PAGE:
Floyd Gingrich, Examiner
The music of Bach and Hindemith and its coordination with the dancers of the Owens/Cox Dance Group
The name of the program, Sunday June 7, was Ludus Tonalis, (tonal play) Paul Hindemith's 1942 crafted work for piano, which is only one of the last century's responses to Bach's Well Tempered Clavier, as well as Chopin's and Scriabin's 24 Preludes in the 19th Century. In each case, one piece in each cycle represents each step in the chromatic scale. J.S. Bach wrote his opus to demonstrate the usefulness of the well tempered scale, which he invented. As far as is known, this performance is the first choreography set to this Hindemith opus.
The program began with an homage to J.S. Bach, as the dance team performed to Elizabeth Suh Lane's memorized playing of Bach's 1720 Partita no. 3, for solo violin. Ms Lane presented the entire suite with her normal fiery precision, blending Bach's dances with the modern inventions, even moving to different positions of the stage to interact with the dancers, who at times regarded her as a totem or a month late May pole. The Baroque music was not matched with 18th dance forms, but seemed quite at home with a modern day interpretation choreographed by Jennifer Owen.
Dr. Kairy Koshoeva, renowned pianist, and newly minted American citizen, played most of the Hindemith work (the sections not included were omitted due to choreographic issues). As Shakespeare excelled in poetic beauty withing the constraints of the sonnet, Hindemith demonstrated his musical ingenuity with the challenges he set for himself.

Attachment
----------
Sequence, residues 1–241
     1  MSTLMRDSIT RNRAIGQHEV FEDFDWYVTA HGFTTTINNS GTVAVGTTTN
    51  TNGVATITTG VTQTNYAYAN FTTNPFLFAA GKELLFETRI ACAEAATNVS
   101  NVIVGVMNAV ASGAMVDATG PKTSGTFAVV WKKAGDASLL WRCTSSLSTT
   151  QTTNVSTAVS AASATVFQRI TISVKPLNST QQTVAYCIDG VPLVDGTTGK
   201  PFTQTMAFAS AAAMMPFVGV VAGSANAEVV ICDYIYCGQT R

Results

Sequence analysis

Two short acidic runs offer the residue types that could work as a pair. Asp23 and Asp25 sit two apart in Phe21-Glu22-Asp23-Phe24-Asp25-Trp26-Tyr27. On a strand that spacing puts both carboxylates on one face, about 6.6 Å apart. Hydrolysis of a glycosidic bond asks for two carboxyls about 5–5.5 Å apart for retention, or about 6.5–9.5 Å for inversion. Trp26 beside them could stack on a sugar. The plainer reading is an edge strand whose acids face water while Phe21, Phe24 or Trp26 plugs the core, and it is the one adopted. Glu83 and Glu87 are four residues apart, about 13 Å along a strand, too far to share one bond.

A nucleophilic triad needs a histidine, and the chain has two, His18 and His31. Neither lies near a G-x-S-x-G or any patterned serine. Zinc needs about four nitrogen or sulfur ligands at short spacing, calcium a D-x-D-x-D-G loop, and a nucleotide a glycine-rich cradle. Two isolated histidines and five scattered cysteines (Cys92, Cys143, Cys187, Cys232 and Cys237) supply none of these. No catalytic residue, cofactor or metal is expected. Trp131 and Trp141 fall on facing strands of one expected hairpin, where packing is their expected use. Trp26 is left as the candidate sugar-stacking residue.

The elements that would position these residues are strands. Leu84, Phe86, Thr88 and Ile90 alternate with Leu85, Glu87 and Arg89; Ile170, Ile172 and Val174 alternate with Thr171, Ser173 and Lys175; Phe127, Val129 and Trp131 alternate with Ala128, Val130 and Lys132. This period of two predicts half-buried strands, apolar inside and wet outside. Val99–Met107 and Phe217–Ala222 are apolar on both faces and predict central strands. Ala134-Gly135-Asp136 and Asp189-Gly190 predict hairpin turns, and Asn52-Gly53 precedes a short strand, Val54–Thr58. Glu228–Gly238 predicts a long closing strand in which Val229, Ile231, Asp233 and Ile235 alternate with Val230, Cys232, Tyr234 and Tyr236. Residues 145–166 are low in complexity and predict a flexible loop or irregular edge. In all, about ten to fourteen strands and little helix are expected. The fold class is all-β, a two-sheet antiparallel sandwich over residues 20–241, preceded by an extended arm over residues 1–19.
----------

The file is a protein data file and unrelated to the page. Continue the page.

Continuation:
In a 1996 article in The Quarterly of the International Society for the Interdisciplinary Study of Symmetry (ISiS-Symmetry), "Symmetry and Dissymetry in Paul Hindemith's 'Ludus Tonalis,'" Siglind Bruhn explores various stylistic, contrapuntal, and theoretical straitjackets he turned into music. He balanced historical styles, retrograde, etc., versions of contrapuntal lines, all of which might turn into a scholastic exercize in lesser hands.
Ms Koshoeva's performance of Ludus Tonalis was well synchronized to the dancer's movements, a nod to individual skills of the entire ensemble, and the melding skills of those performers, as well as the entire production staff. Even the size and nature of the dancers' movements were in keeping with the changing mood of Hindemith's score. Dr. Koshoeva's informed playing indicated her understanding of the complicated nature of the composer's wry games; her performance was musically cogent, a remarkable accomplishment.
An informal poll taken at the after-concert discussion indicated that most of the audience members did not hear any of Hindemith's games. Perhaps those secrets are only to be comprehended by select performers as they converse over the decades with the composer and unearth his treasures.